Saturday, August 17, 2013

Property rights and deforestation

from the article
Zachary Liscow's recently published "Do Property Rights Promote Investment But Cause Deforestation? Quasi-Experimental Evidence from Nicaragua", an economics article, has deep resonance with both the environmental law and environmental history literatures. Many have argued that private property is a solution to environmental problems of the sort Garrett Hardin called "The Tragedy of the Commons". Others have blamed private property for environmental depredations of all sorts. Liscow weighs in with some empirical research, as the abstract explains:
Many policymakers argue that property rights decrease deforestation. Some theoretical papers also make this prediction, arguing that property rights decrease discount rates applied to a long-term investment in forestry. However, the effect is theoretically ambiguous. The paper takes a novel instrumental variables approach based on Nicaragua's agrarian reform to test for the effect, using a new data-set — Nicaragua's 2001 agricultural census. It finds that property rights significantly increase deforestation. The model, supported by the data, suggests a likely mechanism for this relationship: property rights increase investment, increasing agricultural productivity and therefore the returns to deforestation.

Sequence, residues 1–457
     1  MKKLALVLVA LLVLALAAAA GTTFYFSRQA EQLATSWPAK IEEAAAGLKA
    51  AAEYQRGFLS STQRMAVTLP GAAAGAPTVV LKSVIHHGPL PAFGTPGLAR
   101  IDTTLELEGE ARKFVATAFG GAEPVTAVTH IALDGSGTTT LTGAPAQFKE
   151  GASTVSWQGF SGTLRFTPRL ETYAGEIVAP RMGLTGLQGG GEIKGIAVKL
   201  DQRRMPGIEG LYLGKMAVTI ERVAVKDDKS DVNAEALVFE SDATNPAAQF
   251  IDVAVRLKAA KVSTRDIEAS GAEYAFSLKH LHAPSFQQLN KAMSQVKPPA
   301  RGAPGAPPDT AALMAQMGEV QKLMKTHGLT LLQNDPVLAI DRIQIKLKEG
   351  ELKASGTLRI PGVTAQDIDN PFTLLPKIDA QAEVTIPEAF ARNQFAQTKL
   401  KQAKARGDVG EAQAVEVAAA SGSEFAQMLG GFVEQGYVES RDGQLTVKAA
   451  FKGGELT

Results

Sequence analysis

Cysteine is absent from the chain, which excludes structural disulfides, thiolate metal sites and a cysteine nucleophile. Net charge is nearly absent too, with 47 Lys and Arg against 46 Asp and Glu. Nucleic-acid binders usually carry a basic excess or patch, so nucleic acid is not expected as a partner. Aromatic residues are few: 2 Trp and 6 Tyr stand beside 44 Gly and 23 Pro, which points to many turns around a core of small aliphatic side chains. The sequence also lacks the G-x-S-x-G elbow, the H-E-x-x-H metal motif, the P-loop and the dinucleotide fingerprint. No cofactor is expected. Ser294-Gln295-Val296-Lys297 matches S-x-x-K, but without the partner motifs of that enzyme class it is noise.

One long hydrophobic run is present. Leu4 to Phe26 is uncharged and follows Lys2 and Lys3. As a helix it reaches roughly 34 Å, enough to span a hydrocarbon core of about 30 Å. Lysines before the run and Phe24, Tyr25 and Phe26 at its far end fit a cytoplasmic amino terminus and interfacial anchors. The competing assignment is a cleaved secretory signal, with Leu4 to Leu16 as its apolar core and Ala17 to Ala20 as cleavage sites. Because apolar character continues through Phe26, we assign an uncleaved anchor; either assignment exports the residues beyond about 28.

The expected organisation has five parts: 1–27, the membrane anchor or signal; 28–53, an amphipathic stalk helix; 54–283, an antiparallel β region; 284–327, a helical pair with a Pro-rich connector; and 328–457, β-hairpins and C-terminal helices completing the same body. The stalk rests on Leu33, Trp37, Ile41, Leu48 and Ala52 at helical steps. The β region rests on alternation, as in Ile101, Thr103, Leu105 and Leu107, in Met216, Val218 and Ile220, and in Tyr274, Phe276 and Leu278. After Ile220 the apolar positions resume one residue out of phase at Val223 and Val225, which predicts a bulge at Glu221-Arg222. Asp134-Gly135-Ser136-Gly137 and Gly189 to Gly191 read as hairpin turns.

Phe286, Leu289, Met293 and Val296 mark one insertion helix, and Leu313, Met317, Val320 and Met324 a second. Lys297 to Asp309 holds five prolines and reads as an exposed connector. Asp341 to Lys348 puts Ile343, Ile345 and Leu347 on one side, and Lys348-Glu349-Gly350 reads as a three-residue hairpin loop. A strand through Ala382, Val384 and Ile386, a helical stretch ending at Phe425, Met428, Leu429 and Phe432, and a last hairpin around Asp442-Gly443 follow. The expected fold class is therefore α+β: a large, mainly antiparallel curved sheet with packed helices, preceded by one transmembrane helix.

1 comment:

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